x = rep(c(6, 2, 3, 3, 3, 1, 1, 6, 5, 5, 6, 6, 5, 4), 1e6),
    y = rep(c(7, 5, 7, 7, 7, 5, 5, 7, 1, 2, 7, 7, 1, 7), 1e6),
    z = rep(c(rep(LETTERS[1:2], each=7)), 1e6)
)

setDT(dat)
d1 <- copy(dat)
d2 <- copy(dat)

With R 3.2.4 and data.table 1.9.7 (on Frank's computer):

system.time(d1[, c(.SD[1L], .N), by=.(g = rleidv(d1))][, g := NULL])
#    user  system elapsed 
#    0.42    0.10    0.52 
system.time(d2[, g := rleidv(d2)][, N := .N, keyby = g][J(unique(g)), mult = "first"][, g := NULL][])
#    user  system elapsed 
#    2.48    0.25    2.74 
  • Your first code block makes reference to d2, but I guess you want only dat there. Also, I see different timings, actually with mine 5x as fast... odd. – Frank Apr 18 '16 at 5:12
  • 2
    3.2.3 and 1.9.7 here. Yours is about the same if I write it like system.time(d2[, g := rleidv(.SD)][, c(.N, .SD[1L]), by=g][, g := NULL][]). I think the difference may be that .SD[1L] was optimized recently. github.com/Rdatatable/data.table/issues/735 – Frank Apr 18 '16 at 5:22
  • 2
    @Frank there was a problem with my data.table installation and the datatable.dll. After fixing it, I'm getting results similar to your timings. – Jota Apr 18 '16 at 5:48
  • 2
    @Frank, right on. It was optimised. An easy way to test it is by adding verbose = TRUE to the [] call, e.g., dat[, c(.SD[1L], .N), by=.(g = rleidv(dat)), verbose=TRUE] – Arun Apr 18 '16 at 12:49
7

Not much different than the other answers, but (1) having ordered data and (2) looking for consecutive runs seems a good candidate for, just, ORing x[-1L] != x[-length(x)] accross columns instead of pasteing or other complex operations. I guess this is, somehow, equivalent to data.table::rleid.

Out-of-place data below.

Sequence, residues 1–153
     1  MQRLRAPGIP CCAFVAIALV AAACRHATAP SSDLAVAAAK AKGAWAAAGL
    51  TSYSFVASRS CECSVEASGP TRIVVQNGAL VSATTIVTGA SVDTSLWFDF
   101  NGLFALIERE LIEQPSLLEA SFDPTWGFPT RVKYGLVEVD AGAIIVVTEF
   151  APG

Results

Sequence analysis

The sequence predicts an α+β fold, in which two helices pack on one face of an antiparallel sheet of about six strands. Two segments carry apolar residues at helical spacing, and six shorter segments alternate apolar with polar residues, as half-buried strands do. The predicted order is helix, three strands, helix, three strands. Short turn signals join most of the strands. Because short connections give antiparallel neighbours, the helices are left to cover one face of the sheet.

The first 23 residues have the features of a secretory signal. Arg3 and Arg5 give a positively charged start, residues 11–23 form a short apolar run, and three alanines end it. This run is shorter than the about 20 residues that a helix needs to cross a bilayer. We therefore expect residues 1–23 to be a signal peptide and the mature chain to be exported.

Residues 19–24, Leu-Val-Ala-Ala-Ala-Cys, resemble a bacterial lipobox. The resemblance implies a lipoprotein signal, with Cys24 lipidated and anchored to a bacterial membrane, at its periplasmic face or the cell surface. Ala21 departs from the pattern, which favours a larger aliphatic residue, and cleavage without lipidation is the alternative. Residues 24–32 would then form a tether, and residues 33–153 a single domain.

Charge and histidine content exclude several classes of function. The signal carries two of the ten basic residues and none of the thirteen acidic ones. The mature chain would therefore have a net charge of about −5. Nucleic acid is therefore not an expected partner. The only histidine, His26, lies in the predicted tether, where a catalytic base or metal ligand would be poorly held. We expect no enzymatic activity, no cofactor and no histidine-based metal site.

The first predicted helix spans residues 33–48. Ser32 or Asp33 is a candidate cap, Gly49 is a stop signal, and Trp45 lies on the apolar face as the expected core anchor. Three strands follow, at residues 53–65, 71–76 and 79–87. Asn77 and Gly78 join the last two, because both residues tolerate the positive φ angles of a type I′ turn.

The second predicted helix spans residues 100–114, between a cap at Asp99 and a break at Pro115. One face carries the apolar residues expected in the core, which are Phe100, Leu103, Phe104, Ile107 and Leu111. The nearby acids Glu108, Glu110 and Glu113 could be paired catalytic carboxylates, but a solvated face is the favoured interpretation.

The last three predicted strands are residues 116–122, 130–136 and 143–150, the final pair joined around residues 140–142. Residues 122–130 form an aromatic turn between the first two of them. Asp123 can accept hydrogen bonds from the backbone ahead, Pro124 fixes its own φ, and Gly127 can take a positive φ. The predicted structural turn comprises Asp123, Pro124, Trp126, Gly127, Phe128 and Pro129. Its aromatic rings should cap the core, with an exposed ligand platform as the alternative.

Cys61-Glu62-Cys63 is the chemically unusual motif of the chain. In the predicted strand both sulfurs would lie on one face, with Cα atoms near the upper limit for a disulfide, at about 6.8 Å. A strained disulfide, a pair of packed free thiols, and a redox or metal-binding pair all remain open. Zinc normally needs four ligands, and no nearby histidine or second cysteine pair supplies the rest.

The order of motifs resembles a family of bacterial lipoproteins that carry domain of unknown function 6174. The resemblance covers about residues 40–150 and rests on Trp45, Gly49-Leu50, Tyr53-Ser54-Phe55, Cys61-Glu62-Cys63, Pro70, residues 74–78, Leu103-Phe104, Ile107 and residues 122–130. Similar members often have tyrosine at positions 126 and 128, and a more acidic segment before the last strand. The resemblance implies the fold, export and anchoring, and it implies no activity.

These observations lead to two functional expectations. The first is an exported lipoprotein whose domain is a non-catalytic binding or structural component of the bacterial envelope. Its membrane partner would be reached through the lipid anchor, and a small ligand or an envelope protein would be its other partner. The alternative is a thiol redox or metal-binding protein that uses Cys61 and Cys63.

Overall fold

ans = logical(nrow(dat) - 1L)
for(j in seq_along(dat)) ans[dat[[j]][-1L] != dat[[j]][-nrow(dat)]] = TRUE    
ans = c(TRUE, ans)
#or, the two-pass, `c(TRUE, Reduce("|", lapply(dat, function(x) x[-1L] != x[-length(x)])))`

cbind(dat[ans, ], n = tabulate(cumsum(ans)))
#   x y z n
#1  6 7 A 1
#2  2 5 A 1
#3  3 7 A 3
#6  1 5 A 2
#8  6 7 B 1
#9  5 1 B 1
#10 5 2 B 1
#11 6 7 B 2
#13 5 1 B 1
#14 4 7 B 1
6

Another base attempt using ave, just because:

dat$grp <- ave(
  seq_len(nrow(dat)),
  dat[c("x","y","z")],
  FUN=function(x) cumsum(c(1,diff(x))!=1)
)

dat$count <- ave(dat$grp, dat, FUN=length)

dat[!duplicated(dat[1:4]),]


#   x y z grp count
#1  6 7 A   0     1
#2  2 5 A   0     1
#3  3 7 A   0     3
#6  1 5 A   0     2
#8  6 7 B   0     1
#9  5 1 B   0     1
#10 5 2 B   0     1
#11 6 7 B   1     2
#13 5 1 B   1     1
#14 4 7 B   0     1

And a data.table conversion attempt:

d1[, .(sq=.I, grp=cumsum(c(1, diff(.I)) != 1)), by=list(x,y,z)][(sq), .N, by=list(x,y,z,grp)]